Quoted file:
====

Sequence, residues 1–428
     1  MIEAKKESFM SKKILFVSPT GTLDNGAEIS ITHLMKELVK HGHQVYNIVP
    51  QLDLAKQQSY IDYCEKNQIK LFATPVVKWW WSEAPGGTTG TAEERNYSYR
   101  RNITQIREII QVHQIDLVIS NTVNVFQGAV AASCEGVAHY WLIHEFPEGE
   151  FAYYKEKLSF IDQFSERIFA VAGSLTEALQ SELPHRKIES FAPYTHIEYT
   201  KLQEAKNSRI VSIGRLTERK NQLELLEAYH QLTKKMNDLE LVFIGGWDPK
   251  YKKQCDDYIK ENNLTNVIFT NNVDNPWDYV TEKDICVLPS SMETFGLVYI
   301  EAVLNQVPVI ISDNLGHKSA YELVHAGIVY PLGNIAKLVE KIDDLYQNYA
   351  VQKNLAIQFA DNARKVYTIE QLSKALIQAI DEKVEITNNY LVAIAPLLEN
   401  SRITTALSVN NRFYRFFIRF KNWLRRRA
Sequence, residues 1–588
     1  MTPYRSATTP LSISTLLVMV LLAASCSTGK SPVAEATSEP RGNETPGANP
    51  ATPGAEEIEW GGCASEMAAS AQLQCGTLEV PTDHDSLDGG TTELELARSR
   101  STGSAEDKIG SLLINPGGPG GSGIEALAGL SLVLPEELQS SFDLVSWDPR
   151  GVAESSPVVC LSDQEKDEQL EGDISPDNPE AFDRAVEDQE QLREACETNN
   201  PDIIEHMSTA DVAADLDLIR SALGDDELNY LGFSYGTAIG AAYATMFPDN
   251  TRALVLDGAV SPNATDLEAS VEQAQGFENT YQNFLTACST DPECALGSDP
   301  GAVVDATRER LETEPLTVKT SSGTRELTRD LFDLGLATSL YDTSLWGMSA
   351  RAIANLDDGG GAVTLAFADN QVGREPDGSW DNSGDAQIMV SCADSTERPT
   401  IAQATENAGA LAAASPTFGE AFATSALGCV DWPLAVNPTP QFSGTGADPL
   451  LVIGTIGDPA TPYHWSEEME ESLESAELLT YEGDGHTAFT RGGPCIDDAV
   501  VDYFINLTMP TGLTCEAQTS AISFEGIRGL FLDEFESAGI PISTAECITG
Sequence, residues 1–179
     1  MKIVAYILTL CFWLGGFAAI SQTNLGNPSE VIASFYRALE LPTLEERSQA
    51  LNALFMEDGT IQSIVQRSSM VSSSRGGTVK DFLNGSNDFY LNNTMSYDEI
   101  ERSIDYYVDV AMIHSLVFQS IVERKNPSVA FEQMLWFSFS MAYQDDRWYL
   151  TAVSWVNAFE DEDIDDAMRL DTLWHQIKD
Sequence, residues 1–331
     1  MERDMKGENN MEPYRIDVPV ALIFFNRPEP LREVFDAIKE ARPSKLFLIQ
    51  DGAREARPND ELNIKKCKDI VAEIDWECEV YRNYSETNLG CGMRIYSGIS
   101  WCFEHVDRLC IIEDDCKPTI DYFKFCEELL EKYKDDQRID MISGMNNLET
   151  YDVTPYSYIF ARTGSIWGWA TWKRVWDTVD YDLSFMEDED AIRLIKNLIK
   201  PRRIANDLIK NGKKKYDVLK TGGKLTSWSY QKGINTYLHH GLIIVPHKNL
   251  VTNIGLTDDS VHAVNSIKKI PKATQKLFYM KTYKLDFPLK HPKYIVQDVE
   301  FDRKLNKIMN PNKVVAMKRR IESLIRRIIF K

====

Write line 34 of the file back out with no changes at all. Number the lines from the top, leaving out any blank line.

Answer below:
   251  VTNIGLTDDS VHAVNSIKKI PKATQKLFYM KTYKLDFPLK HPKYIVQDVE